Records: Kill Your Dreams (2014)
Alchemical Task (2020)
Even pine trees drop theirfrom the song, “It’s All Happening,” on “Alchemical Task” (2020), by Lore City
Needles they give
You the slip / Underfoot
Brown and lifeless river
Beds recede and the
Turn to dust…
Some bands don’t come to us — we have to go to them. When a recording artist takes an exploratory or metaphysical stance with their songwriting, very often their vocabulary is a work in process, as they develop, record by record, to fully articulate their artistic perception. Traditional language and structures often don’t work for these creatives — inadequate at best, limiting at worst. This process, on first listen, creates a tension that might be felt as esoteric or even exaggerated. However, through this kind of evolution and over time, this new articulation comes to be seen (and heard) as fitting, even necessary. Portland-based Lore City (Laura Mariposa Williams and Eric Angelo Bessel) is such a band. And the story of this verbalization on their forthcoming record, “Alchemical Task” (October, 2020), begins with “Kill Your Dreams (2014).
Like some of their acknowledged influences, bands as diverse as Radiohead, Joanna Newsom, Michael Gira/Swans, Quicksand (I could add an equally compelling case to be made for Lisa Gerrard/Dead Can Dance, Mazzy Star, and even Sigur Rós) — some, like Gerrard, have created their own language to say what they need to say, even if we can’t initially recognize the structures and vocabulary. Cycles and repetitions build on one another across each record. The ultimate meaning becomes emotional rather than literal — metaphor becomes the complex pathway to the sensation of the literal.
We all want answers. But sometimes the best we can achieve through art is a series of well-framed questions. Sometimes in life we hide as much as we reveal. Within each lyrical repetition, song by song, with every bold experiment, some artists throw down the challenge — we will only expand our mutual understanding through something that both feels modern as well as mysterious and ancient. It’s a paradox, and investigation doesn’t always solve it. A band like Lore City has set its course using some of these older sources, and keeps its own counsel — they “tune in and transcribe.” Our reward comes from relaxing into this paradoxical and contradictory space, what Kierkegaard called the “passion” of thought.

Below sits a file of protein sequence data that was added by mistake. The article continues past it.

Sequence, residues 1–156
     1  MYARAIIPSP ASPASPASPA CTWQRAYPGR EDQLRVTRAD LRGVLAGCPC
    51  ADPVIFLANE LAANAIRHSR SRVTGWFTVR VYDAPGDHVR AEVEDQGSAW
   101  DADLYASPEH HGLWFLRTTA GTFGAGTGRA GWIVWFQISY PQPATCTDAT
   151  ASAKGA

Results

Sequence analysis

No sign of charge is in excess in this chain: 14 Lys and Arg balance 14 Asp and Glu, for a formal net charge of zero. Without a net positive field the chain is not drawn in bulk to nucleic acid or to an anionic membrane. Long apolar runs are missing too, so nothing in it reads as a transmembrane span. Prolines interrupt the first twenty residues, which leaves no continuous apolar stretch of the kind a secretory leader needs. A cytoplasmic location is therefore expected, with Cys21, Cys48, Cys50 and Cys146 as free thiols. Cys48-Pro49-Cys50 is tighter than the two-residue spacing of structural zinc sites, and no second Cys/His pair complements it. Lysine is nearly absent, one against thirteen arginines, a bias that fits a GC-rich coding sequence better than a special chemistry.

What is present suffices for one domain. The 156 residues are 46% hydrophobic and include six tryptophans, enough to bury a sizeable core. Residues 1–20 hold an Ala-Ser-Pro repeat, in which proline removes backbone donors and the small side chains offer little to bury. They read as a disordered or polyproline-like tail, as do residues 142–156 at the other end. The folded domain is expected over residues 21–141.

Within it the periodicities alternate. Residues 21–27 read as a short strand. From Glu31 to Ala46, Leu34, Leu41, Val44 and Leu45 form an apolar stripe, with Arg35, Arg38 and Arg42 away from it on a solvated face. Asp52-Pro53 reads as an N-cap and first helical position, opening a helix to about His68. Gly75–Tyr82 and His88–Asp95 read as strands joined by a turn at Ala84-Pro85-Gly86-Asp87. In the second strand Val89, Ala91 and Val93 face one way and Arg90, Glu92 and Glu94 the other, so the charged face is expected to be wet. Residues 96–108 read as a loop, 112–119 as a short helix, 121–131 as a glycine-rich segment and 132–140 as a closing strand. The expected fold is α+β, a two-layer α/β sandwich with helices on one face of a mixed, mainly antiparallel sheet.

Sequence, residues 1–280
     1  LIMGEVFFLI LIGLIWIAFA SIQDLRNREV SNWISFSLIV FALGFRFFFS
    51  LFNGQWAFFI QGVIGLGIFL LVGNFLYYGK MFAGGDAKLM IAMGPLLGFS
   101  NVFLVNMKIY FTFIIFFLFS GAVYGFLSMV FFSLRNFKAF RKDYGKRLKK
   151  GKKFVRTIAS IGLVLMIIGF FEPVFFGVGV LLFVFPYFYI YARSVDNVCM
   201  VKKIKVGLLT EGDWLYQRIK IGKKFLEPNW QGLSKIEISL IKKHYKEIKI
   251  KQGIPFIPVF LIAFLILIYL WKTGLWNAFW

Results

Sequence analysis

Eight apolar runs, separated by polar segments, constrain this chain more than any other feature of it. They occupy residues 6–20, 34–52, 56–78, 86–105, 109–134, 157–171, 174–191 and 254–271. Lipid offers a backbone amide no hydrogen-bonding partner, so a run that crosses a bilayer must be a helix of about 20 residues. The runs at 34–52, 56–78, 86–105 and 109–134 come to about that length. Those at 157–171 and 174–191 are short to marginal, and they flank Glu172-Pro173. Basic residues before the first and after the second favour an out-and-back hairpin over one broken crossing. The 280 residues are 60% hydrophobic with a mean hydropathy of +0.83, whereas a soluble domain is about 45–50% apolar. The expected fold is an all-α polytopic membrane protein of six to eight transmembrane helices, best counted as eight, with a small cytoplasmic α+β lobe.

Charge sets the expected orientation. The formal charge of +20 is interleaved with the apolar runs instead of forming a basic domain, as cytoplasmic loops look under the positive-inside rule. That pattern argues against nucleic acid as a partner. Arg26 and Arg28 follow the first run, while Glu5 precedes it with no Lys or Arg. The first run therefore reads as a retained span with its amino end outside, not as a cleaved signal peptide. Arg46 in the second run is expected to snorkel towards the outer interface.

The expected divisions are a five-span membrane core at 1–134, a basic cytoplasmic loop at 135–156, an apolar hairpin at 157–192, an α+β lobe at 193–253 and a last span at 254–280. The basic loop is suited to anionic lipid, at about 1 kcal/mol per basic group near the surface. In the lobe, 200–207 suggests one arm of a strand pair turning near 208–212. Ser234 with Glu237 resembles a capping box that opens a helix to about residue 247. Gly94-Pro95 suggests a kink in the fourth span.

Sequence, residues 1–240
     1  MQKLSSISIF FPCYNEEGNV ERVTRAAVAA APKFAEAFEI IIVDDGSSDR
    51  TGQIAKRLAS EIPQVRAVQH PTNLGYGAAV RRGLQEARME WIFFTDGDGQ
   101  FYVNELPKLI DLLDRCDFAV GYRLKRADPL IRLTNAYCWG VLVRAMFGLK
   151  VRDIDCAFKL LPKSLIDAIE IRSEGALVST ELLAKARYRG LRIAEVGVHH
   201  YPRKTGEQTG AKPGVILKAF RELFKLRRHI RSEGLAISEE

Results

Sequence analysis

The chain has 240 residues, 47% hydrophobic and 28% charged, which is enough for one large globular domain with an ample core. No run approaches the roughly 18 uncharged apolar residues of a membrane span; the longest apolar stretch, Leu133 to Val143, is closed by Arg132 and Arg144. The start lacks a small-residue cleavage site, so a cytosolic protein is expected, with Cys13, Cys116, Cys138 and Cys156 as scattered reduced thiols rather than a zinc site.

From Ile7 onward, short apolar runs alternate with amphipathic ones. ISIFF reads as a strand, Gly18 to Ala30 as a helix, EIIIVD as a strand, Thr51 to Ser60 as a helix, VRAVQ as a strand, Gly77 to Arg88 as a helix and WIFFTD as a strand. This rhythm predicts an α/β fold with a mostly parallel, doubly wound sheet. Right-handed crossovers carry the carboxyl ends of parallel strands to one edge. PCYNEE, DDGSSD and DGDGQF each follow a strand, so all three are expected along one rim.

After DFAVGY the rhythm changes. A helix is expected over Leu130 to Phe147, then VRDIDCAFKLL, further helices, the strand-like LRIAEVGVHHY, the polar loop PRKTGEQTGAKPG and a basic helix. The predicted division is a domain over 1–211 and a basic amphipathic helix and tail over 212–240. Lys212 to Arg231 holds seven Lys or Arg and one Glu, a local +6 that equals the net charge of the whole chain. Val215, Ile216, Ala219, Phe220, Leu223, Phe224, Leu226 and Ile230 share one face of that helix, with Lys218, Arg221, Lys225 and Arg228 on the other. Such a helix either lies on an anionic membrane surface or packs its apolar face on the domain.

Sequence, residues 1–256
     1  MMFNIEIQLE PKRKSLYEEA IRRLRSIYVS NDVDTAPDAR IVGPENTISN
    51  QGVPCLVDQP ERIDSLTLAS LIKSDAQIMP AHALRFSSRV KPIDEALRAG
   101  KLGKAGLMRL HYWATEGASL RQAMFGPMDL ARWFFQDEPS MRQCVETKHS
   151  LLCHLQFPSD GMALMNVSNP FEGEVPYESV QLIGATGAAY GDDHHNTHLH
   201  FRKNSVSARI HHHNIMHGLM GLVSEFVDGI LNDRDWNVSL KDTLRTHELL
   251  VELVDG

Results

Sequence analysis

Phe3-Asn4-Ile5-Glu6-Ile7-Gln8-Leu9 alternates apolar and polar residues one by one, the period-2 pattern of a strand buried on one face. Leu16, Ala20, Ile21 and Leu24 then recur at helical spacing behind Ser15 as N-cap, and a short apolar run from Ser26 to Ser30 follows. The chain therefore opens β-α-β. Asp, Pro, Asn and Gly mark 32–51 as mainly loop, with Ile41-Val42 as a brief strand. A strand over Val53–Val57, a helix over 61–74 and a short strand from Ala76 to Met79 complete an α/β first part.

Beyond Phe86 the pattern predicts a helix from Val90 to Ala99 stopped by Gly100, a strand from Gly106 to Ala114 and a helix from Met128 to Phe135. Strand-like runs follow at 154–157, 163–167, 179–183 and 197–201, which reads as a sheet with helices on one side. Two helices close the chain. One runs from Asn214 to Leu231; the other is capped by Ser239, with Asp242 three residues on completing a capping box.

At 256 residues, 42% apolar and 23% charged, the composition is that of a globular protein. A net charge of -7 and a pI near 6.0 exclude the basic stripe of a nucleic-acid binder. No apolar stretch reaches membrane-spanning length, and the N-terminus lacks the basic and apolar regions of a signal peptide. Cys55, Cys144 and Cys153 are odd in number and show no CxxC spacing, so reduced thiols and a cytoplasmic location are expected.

Kill Your Dreams (2014)
Lore City begins their “Kill Your Dreams” (2014) with a challenge: “Go back to the old haunts…,” from the opening track, “Gone Past,” (the longest track on the record), as if, like detectives, we have to look at the evidence first before we decide. The year 2014 seems like such a long time ago, as indeed it is in the firestorm of 2020, which gives the listening experience of these songs today an uncomfortable, post-prescient quality.
Many of the eight songs on this record feel like time travel — warnings or laments — from a time when it might have been easier to tune out the terrible noise. From the 2014 vantage point, as lived today, maybe “Kill Your Dreams” is less about the death of “dreams,” perhaps, than about the death of nostalgia, perhaps even more… the death of any illusion that the past can ever be better than it was. In the song “Gone Past,” if there is any hope, it “…lies in cycles…” — timeless, ancient repetitions, rather than any fixed point of golden memory (or perfection?). We all begin somewhere in the stream of history, good and bad in equal measure, if you’re brave enough to look.
With this long opening set, the real narrative of the record begins with two standout tracks, “Slingshot” and “Hush.” The opening piano of “Slingshot,” like the dawn lifting into a lyrical acceptance of letting go, becomes the place we must begin: “We’re all trying to get away from / the same place….” The surrender in the song is in a spiritual context, not a literal defeat. What we need to give up has more to do with perspective than monetary value. Then, in “Hush,” weaving a plaintive epistle through a spiraling guitar, the message is clear: wealth (or the desire for it?) won’t save you. It’s been an exhausting narrative this past decade — that the one with the most wealth wins — even as everything around us burns. Well, now it’s burning. “Hush” speaks for an entire generation of fatigue.